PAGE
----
Born in Bombay, India in 1909, Bhabha spent much of his life studying in Europe and the United States before settling in England after World War II. During his career, Bhabha made groundbreaking advances in the field of atomic energy and won numerous awards, including the Padma Bhushan in 1954 and the Royal Society’s Hughes Medal in 1959.
Throughout his life, Homi J. Bhabha made invaluable contributions to the fields of physics and nuclear energy. His work had a lasting impact on the scientific community, his country, and the world. He is remembered as one of India’s most important scientists, and his legacy lives on to this day.
6. Satyendra Nath Bose
Satyendra Nath Bose is an Indian scientist best known for his contributions to quantum mechanics in the early 20th century. Born in 1894 in Calcutta, India, he was educated at the University of Calcutta and Cambridge University in England. After earning his doctoral degree, Bose moved to Dhaka, Bangladesh, where he studied and conducted research at the University of Dhaka.
Bose’s most significant scientific contribution was the “Bose-Einstein Statistics,” developed in 1924. This revolutionary statistical model explained the behavior of particles at a subatomic level and was a foundation for modern quantum mechanics. The Bose-Einstein Statistics are used extensively today in nanotechnology and particle physics fields.
Throughout his career, Bose was honored with several awards and honors, including the Padma Vibhushan and the Nobel Prize nomination in 1954. In recognition of his lifelong achievements, he was posthumously awarded the “Father of Modern Science” by the Government of India in 2020.
Satyendra Nath Bose was an exemplary scientist and humanitarian whose discoveries and advocacy continue to inspire generations of innovators. His legacy will live on for many years to come.
7. Har Gobind Khorana
Har Gobind Khorana was an Indian-born American biochemist and Nobel laureate. He made major contributions to understanding the genetic code and protein synthesis, which led to him being jointly awarded the 1968 Nobel Prize for Physiology or Medicine with two other scientists for their work in explaining the genetic code.
He was also the recipient of numerous other awards, including the prestigious Albert Lasker Award for Basic Medical Research in 1970 and the National Medal of Science from the United States in 1990.
His achievements have greatly impacted the scientific world, and he is highly respected as one of the most influential scientists of the 20th century.
Sir M. Visvesvaraya is one of India’s most celebrated engineers and an iconic figure in Indian history. He was born on 15 September 1860 at Muddenahalli, Kolar district of Karnataka. He made remarkable contributions to the development of India and is fondly remembered as the “Architect of Modern India”.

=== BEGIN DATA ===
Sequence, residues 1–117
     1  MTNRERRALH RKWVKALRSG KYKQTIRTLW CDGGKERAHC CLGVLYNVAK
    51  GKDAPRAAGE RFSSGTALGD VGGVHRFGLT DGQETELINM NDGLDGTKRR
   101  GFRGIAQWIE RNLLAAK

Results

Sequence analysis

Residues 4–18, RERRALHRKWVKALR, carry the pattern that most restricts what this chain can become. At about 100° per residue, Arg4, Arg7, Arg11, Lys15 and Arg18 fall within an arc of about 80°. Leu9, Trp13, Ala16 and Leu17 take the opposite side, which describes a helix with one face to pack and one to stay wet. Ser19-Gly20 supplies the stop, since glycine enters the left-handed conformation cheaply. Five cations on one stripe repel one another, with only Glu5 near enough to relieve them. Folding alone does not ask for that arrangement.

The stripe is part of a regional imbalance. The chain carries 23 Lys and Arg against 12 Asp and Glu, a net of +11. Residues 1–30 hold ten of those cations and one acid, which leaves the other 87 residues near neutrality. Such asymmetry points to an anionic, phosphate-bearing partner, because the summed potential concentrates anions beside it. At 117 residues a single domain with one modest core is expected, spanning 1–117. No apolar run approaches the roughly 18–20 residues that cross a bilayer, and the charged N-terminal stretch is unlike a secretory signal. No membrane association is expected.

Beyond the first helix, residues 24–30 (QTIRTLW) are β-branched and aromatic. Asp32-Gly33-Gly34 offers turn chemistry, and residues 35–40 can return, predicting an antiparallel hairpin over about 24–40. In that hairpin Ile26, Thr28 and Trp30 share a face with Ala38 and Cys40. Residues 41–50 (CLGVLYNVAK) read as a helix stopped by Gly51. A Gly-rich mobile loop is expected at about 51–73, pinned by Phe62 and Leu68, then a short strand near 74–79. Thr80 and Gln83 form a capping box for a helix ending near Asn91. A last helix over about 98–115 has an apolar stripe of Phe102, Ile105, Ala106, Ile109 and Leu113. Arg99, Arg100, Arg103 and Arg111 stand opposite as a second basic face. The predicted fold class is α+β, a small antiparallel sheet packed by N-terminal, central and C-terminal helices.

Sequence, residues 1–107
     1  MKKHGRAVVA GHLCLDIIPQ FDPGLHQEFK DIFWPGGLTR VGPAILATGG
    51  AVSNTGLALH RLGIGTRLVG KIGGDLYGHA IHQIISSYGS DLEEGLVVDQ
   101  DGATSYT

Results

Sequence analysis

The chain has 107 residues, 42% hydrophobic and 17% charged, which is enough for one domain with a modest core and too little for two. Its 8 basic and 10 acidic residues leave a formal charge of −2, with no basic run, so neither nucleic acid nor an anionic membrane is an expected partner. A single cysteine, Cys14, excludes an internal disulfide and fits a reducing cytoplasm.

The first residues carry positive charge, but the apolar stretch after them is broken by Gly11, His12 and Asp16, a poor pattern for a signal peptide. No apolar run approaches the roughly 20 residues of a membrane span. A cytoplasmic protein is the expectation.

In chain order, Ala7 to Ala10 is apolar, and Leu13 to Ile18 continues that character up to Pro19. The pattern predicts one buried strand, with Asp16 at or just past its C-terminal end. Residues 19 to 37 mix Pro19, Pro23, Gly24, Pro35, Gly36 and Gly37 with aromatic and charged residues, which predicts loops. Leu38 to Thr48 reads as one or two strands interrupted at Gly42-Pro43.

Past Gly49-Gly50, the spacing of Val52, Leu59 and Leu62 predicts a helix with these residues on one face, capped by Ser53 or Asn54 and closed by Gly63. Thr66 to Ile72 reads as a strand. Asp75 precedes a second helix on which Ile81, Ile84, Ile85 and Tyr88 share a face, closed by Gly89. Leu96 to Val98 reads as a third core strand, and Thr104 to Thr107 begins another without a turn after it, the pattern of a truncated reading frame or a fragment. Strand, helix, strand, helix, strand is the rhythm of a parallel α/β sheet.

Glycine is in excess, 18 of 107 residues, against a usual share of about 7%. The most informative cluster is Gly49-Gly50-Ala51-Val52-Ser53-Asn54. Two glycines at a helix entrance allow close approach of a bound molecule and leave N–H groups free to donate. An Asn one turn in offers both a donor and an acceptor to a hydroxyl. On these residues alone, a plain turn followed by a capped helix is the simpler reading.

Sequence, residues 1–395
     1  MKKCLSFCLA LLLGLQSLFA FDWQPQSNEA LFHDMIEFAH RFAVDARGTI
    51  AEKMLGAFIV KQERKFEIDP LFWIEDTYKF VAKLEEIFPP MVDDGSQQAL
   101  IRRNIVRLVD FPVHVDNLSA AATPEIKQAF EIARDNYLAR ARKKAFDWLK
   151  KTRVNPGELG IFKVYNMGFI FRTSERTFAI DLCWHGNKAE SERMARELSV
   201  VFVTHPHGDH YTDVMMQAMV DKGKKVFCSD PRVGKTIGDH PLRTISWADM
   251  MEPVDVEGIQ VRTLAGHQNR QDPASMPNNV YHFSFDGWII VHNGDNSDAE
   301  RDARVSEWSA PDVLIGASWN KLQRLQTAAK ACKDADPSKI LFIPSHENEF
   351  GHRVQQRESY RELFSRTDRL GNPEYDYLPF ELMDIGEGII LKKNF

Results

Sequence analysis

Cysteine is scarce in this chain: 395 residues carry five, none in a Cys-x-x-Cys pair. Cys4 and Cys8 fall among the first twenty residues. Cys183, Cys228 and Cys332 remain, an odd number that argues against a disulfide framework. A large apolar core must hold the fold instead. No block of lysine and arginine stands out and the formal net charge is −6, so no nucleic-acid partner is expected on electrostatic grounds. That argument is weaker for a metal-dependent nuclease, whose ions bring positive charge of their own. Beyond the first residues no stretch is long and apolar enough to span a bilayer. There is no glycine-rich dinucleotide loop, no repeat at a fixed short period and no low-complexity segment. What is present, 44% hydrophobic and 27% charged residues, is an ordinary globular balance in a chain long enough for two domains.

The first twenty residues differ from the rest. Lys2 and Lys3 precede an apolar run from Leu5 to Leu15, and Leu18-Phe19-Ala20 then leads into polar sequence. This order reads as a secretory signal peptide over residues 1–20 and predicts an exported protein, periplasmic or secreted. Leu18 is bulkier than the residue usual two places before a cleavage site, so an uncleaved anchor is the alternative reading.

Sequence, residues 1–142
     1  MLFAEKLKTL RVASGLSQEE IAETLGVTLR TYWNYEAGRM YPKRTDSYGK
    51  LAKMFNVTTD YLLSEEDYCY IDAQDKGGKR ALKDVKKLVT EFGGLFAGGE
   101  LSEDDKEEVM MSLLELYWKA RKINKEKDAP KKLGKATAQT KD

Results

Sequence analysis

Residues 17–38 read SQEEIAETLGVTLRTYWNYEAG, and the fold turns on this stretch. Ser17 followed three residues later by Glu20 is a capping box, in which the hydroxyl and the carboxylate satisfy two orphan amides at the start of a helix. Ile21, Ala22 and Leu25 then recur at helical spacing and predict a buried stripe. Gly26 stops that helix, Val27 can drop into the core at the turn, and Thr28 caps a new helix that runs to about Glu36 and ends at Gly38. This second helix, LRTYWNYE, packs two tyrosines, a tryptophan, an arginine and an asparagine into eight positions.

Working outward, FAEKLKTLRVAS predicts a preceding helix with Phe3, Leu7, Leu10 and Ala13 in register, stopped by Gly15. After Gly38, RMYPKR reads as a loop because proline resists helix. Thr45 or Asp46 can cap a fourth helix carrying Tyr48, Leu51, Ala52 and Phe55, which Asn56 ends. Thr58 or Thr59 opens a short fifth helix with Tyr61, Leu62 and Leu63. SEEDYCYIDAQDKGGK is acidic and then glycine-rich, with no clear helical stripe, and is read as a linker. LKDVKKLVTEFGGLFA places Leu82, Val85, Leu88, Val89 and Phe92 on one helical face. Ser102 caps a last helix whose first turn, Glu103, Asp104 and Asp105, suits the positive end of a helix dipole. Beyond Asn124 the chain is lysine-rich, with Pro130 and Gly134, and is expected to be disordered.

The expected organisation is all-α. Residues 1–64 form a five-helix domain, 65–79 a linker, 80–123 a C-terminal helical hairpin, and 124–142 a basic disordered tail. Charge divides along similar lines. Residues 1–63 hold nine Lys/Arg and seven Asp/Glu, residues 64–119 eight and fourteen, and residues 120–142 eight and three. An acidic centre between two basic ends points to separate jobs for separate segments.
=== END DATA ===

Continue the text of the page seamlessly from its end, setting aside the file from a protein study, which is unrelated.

His education began at home, where his father, a scholar of Sanskrit and Kannada, taught him. He went on to join the Central College, Bangalore, and was awarded a Bachelor of Arts and Bachelor of Engineering degrees from the college. He then obtained a Doctorate in engineering from the University of Bombay and was knighted by the British Crown in 1915.
Sir Visvesvaraya’s legacy lives on in several departments of engineering and technology in India. The 15th of September is celebrated as Engineer’s Day in India in his honor. A variety of scholarships, medals, and awards have been instituted in his name to recognize and encourage the achievements of engineers across the country. The Padma Vibhushan, India’s second-highest civilian award, was conferred upon him in 1955 in recognition of his extraordinary contributions to the nation.
9. Birbal Sahni
Birbal Sahni was an Indian palaeobotanist who is renowned for his contributions to the field of botany. He is best known for his work on the fossil plants of India, which established the country as a major center for palaeobotanical research.
He was the founder of the Birbal Sahni Institute of Palaeobotany in Lucknow and held several prestigious positions in the Indian scientific community. He is credited with providing the first comprehensive review of the plant fossil record in India.
10. Venkatraman Radhakrishnan
Venkatraman Radhakrishnan (V.R.) is an Indian computer scientist, entrepreneur, and philanthropist. He is the founder and chairman of Infosys, one of India’s leading information technology companies.
Born in a small village near Thiruchi, India, into an agriculturist family in 1945, V.R. was an average student during his school and college days. He studied electrical engineering at the National Institute of Technology, Tiruchirappalli, where he obtained a first-class honors degree.
In 1981, V.R. co-founded Infosys and went on to transform it into a global IT giant. Under his watch, the company became the first Indian software services provider to list on the NASDAQ exchange in 1999. He also established a mentoring program at Infosys which has earned him international acclaim and recognition.